Although the inebriated, jazz-infused frenzy of the first few minutes give almost no hint of this, “Mood Indigo” is Gondry’s most unforgiving and most haunted film since “Eternal Sunshine,” and makes clear that all his homemade gizmos are layered on top of a tragic sensibility. Maybe you’ll find it cloying when Colin and Chloé travel over the rooftops of Paris in a little mechanical cloud (an ur-Gondry device if ever there was one), but I absolutely didn’t. We need to hang onto those flying-cloud moments, when our shoes tie themselves and we fall in love with someone who has appeared out of a dream or a beloved song, in order to survive the other things that happen — and we don’t do that in any case. Boy gets girl and the music plays, and that’s wonderful. But we know how it ends.

Unique ‘Boyhood’ tracks its characters over a 12-year evolution

Reviewed by Stephen Rea in Philadelphia Enquirer, 24 Jul 2014

‘Time’s going by,” the grandmother in Richard Linklater’s Boyhood observes, almost casually, but with the certitude of experience on her side. And indeed, this singular, soulful film is about just that: time going by.

Shot over the course of 12 years — a few weeks every year, beginning in 2002, its central cast reuniting to portray the respective members of a middle-class Texas family — Boyhood does something no other film has done before: It tracks a child’s forward motion, from grade school to college dorm, from dreamy-eyed kid to curious, gangly teen, in one progressing flow. Mason Evans Jr. — the boy played by newcomer Ellar Coltrane — is 6 when the film starts, and 18 when it ends.

The scope of the film is vast, but intimate, too. We come to know “MJ,” and his struggling single mom, Olivia (a terrific Patricia Arquette), his older sister Samantha (Lorelei Linklater, the filmmaker’s daughter), and his dad, Mason Sr. (Ethan Hawke), like they are our own.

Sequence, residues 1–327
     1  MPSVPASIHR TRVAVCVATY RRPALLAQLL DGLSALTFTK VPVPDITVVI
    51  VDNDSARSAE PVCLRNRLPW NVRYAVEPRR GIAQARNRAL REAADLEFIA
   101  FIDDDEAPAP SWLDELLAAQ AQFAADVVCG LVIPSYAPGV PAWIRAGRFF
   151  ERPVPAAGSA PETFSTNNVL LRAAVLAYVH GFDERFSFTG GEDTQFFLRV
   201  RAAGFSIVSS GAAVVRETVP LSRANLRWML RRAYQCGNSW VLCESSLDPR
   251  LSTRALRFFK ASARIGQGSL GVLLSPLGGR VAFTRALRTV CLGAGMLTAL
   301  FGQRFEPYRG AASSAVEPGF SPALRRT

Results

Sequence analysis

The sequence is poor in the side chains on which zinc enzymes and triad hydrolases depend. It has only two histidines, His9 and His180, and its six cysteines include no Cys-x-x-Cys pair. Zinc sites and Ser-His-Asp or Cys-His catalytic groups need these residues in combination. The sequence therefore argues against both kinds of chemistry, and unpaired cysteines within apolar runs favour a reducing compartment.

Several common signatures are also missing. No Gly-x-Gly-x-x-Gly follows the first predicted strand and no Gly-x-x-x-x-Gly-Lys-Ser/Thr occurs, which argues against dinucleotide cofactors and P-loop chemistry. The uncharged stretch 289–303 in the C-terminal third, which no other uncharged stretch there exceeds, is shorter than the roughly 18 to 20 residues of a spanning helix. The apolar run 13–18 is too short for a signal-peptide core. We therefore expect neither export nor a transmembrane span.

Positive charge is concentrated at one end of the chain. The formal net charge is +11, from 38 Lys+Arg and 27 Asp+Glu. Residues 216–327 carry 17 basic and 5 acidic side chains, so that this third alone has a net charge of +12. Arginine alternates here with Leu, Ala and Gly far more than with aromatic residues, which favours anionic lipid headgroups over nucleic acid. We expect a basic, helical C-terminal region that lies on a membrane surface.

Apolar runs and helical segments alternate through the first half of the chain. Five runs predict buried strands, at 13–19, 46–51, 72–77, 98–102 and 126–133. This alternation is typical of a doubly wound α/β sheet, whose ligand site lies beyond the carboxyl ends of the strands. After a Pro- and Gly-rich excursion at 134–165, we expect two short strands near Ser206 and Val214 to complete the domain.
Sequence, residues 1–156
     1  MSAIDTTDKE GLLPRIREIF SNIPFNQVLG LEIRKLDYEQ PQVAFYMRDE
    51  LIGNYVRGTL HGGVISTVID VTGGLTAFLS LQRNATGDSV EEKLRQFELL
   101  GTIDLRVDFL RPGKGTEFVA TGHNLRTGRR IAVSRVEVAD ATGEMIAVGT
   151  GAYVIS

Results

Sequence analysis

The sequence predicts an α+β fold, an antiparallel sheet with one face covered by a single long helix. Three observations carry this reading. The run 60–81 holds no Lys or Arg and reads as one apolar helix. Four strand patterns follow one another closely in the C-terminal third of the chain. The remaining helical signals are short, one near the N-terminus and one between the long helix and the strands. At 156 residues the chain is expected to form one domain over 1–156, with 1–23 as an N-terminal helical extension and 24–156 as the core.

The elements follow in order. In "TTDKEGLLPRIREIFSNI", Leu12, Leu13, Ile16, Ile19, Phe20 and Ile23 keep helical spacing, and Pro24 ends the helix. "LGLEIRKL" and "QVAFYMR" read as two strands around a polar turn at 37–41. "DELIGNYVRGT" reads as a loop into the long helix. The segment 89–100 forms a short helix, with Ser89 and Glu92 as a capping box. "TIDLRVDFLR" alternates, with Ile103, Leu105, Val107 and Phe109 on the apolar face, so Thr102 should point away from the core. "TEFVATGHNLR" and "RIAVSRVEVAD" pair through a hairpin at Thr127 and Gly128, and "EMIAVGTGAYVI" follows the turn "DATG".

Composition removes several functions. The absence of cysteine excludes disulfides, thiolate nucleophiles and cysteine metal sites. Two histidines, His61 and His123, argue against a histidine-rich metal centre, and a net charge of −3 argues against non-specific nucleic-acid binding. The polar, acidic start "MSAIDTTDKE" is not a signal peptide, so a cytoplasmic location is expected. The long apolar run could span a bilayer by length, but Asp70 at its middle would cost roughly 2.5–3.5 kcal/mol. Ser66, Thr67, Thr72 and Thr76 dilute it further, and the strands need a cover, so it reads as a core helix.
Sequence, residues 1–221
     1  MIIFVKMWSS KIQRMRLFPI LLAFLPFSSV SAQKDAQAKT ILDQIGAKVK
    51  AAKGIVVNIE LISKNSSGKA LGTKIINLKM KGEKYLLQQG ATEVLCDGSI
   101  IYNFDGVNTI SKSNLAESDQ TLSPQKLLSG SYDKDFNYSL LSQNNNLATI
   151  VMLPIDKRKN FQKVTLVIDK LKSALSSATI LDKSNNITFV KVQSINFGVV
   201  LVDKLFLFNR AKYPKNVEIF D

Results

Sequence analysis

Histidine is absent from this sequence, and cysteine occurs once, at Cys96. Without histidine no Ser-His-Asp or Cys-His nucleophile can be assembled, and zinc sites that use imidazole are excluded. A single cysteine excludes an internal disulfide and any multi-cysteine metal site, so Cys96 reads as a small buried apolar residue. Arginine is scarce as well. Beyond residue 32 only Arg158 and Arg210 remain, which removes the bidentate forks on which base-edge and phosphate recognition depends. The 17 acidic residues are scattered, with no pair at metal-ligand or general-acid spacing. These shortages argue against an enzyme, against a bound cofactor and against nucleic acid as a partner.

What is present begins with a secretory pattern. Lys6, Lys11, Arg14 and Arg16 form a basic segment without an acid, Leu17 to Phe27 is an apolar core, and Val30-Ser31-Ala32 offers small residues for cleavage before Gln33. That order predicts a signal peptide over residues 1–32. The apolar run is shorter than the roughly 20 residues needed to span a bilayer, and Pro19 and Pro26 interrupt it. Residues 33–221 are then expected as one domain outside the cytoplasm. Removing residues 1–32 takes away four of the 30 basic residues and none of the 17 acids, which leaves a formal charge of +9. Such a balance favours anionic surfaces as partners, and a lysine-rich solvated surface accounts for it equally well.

Linklater’s concept is as simple as it is bold — and it opens a door into a new kind of storytelling, where the passage of time propels, and compels, the narrative. Where the faces and features of the actors — children and adults — change; where for once in a movie, time is real.

In Boyhood, there are few “big moments,” no Hollywood epiphanies with a neon-limned hand pointing us to their significance. Instead, Mason scrawls graffiti on a wall, asks Dad why he can’t use bumpers in the bowling alley (“Life doesn’t give you bumpers,” Hawke responds — what a dad thing to say!), plays video games, makes friends, forgets homework, fights with his sister, ogles a Victoria’s Secret catalog, tries beer, smokes pot, falls for a girl. Carefully observed, this stream of small moments takes on a kind of quiet, metaphoric power.

But there are wrenching scenes, too: Mason’s stepdad (Marco Perella), a college professor, starts boozing ferociously, and raining abuse on his kids, his stepkids, their mother. But Olivia is nothing if not resilient : Somehow, while raising a son and daughter and barely making ends meet, she goes back to college, gets a degree and then another, and becomes a professor herself.

Hawke’s Mason Sr. evolves, too, from a mostly absentee stoner dad to someone who insists that his kids talk to him straight and true. By the time Mason is finishing up high school, where he’s taken to photography with a passion, his father has remarried, has a baby, and traded his beloved GTO for a minivan.

Boyhood clocks in at a little under three hours, but it doesn’t feel long for a minute. In what amounts to a small chunk of a day, we get to see — and feel, and fall into — a huge part of these people’s lives.

Is it dumb to say, “Wow?”

I don’t care. Wow.